How to Make a GIF

In 1987, a new type of image format, known as 87A, was released by CompuServe. This type of format allowed for a broad range of colors and the ability to loop. It would eventually become what we know today as an animated GIF, or Graphic Interchange Format. Today the GIF is still used in a variety of online settings, such as moving graphics for a site or part of a meme or a piece of art in itself. But what do you have to do to make a GIF?

To make a GIF, you’re going to need a few things:

1. A collection of images you wish to animate or a video

2. A copy of Adobe Photoshop

Once you have these, it’s time to get to work!



The first thing to do is prepare your source material. Depending on the kind of GIF, your images will come from different places.

Slideshow/Looping GIFs

Some GIFs are just loops of still images without a lot of real animation. This is probably the most basic type of GIF to make. The first thing you want to do is gather all of your images in one folder, preferably in the order you want them to appear in your GIF. It is important that they are all sized as big as you want your GIF to be, otherwise you will have to do this manually in Photoshop.

Next, open Photoshop and create a new file (set the image size to whatever the size of your GIF will be).

Place your images into new Layers by using File > Place. You will see your images appear as individual layers on the right. Make sure they are in the correct order if they aren’t already. The bottom layer will be first in the animation, but you can adjust it however you wish.


If you are using CS6, click on a tab at the bottom called Timeline. If you are on an older version of Photoshop, you must go to Window > Animation to see this.


Select Make Frame Animation in order to get to the right mode. It should create a frame of your topmost image.


Next, pull the Animation drop-down menu and select Make Frames from Layers. This will make a new frame from each layer. This includes the background layer, so delete this if you don’t want in your animation.

“But my animation looks all choppy!” You might be saying.


Refining Your GIF

At this point, you have several options. You can save it at this point, but you may need to refine the timing. The main tools you will use at this point are the delay and tweening. For this example, you should only need to set the delay. It is normally defaulted to a 0 second delay, and set to repeat only once. Change this to repeat forever if you want it to loop. Beneath each frame, you will see a triangle. By clicking this, you can set how long each frame should last. If you select all of your frames, you can adjust them all at once as well.

Tweening is used in GIFs to smooth the transition between two or more frames. It creates a more fluid transition between your images if they are not already optimized for animation.


To tween an image, select two frames that are side by side and click the Tween button by holding Shift. The menu that pops up will ask how many frames to create between your frames.

Using too many can make your images appear ghostly, but not enough might not do anything at all.


No Tweening


Some Tweening


Too Little Tweening

TweeningTooMuchToo Much Tweening

You will notice subtle differences between the above images, and depending on what effect you are trying to achieve, there are different solutions possible. Remember, if you tween your frames, you will probably have to adjust your delays as well.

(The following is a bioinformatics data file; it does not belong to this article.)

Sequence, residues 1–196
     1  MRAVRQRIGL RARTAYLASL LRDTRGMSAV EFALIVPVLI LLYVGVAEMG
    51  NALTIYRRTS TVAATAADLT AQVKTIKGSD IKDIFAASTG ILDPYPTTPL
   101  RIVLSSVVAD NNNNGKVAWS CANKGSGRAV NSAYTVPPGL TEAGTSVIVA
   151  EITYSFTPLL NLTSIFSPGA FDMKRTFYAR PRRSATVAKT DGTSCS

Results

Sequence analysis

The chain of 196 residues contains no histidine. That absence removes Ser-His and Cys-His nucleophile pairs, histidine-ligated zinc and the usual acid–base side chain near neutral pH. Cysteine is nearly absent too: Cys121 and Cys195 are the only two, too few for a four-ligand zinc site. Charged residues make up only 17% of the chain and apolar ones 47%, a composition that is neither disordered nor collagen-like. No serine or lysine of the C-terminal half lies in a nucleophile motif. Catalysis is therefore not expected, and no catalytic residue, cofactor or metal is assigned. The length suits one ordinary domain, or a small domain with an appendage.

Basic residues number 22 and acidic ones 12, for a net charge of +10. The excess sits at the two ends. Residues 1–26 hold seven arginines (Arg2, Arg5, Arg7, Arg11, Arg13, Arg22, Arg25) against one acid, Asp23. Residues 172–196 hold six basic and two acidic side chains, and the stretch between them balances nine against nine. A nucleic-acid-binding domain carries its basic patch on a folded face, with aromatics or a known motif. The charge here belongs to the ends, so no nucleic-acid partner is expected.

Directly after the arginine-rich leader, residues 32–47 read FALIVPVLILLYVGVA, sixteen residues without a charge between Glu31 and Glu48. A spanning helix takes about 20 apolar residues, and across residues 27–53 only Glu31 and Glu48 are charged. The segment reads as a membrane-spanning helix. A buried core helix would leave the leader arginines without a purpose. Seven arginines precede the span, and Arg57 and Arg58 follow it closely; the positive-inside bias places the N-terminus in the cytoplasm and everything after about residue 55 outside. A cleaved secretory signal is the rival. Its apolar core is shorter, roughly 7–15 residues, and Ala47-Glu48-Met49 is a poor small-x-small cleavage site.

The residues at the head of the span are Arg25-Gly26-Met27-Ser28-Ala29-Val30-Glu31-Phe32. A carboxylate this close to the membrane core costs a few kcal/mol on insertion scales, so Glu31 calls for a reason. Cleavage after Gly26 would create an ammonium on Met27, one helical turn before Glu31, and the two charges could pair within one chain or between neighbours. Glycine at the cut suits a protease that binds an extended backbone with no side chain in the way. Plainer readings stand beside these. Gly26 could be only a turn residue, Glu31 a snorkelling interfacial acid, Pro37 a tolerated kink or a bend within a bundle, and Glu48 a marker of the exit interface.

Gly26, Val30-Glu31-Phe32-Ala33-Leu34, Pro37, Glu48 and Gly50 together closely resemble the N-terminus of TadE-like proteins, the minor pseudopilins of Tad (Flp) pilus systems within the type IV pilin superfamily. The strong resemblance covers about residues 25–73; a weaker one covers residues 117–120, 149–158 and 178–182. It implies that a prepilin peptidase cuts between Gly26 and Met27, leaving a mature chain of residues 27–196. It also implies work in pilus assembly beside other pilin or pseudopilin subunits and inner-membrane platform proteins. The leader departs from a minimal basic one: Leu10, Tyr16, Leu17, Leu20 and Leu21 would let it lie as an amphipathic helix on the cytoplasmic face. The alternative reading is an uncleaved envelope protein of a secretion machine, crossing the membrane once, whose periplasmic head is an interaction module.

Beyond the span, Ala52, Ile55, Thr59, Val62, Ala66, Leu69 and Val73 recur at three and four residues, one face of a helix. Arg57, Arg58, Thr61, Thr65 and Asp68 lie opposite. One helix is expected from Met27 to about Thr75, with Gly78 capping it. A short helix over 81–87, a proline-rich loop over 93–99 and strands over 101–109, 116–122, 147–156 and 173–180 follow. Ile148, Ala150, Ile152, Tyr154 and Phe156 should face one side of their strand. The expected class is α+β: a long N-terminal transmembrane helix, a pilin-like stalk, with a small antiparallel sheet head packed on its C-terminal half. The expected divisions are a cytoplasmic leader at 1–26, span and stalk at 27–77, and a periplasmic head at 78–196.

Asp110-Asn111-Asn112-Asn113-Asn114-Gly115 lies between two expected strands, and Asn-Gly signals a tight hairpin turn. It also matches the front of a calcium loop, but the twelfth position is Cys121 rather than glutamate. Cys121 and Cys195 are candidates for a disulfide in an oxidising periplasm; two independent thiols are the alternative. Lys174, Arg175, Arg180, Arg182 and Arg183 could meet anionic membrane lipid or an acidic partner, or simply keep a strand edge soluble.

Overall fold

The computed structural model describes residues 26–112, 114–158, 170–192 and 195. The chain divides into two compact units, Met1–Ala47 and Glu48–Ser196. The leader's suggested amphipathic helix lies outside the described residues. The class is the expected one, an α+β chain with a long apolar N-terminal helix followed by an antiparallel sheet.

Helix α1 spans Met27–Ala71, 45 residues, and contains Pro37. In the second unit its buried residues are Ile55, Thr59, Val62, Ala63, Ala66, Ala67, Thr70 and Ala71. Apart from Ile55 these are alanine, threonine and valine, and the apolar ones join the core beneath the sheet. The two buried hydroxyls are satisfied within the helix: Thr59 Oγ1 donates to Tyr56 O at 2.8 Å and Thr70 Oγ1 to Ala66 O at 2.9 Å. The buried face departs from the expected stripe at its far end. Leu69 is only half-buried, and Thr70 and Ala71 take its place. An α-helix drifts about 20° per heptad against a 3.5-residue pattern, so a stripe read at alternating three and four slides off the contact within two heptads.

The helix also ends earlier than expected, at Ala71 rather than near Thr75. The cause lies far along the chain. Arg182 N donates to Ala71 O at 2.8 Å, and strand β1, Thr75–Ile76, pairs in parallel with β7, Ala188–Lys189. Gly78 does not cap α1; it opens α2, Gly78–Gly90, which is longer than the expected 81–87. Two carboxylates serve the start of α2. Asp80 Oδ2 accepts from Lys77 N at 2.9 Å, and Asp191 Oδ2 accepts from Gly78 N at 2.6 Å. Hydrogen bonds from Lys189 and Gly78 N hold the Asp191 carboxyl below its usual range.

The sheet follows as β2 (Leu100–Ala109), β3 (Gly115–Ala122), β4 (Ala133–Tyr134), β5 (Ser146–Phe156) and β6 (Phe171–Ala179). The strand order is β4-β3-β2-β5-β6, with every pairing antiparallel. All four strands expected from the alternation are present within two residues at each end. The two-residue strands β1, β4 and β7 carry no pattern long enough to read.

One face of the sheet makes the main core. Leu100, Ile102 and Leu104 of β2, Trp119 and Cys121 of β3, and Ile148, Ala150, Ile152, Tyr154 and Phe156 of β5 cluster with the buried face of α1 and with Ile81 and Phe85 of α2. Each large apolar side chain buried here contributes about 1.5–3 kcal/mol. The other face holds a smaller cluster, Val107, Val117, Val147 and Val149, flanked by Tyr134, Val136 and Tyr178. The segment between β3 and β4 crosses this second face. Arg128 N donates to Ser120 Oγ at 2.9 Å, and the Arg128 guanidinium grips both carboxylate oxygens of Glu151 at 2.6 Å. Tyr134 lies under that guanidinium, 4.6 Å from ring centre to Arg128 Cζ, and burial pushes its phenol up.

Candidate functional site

Video Clip GIFs

But the real reason you’re here is to learn how to make all those funny meme GIFs from various films and TV shows!


Another method of making a GIF is to convert a video file to frames. This is probably one of the most common types of GIFs, and is very popular in meme culture. It is also very easy to make once you have access to the video you want.


The only difference in the process is how you obtain the images. Instead of placing images, you must import a video clip into Photoshop. (It is important not to use a very long video, or it will take a long time to load: under 10 seconds is usually a safe bet).

[File > Import > Video Frames to Layers... GIF]

A pop-up menu will allow you to trim the specific portion of your clip you want to use. This will automatically convert your clip to frames, and then you can edit the delay and tweening if you wish.


Saving Your GIF

Lastly, you will have to save your file to the proper format. Instead of using the normal Save feature, use Save for Web or Save for Web and Devices.

[File > Save for Web... GIF]

This menu gives you options to select the proper format, plus different sizing and optimization functions. This tool is designed to allow you to keep your full Photoshop project saved at the highest quality so you can then save multiple versions of your work in various formats. To make sure your GIF remains animated, select GIF from the formats and click Save below. The file size will be much larger than a normal JPEG.


That is all you have to do to create your GIF! Note that the speed of your GIF may be different than what you viewed in Photoshop, so you may have to play around with different settings to get precisely what you want.


Another interesting feature (new to CS6) is the ability to make transparent GIFs. These function in the same manner and are created the same way, however, they utilize the transparent background that can be used in other Photoshop projects. By using these in your GIF, you can make an animation that can be layered onto a website and you can still see the background through it.


Animated GIFs are seen by some as an emerging art form in itself. With this knowledge, you can easily play around with them and see for yourself, or just give a cat some laser beams!


And that is all there is to it!


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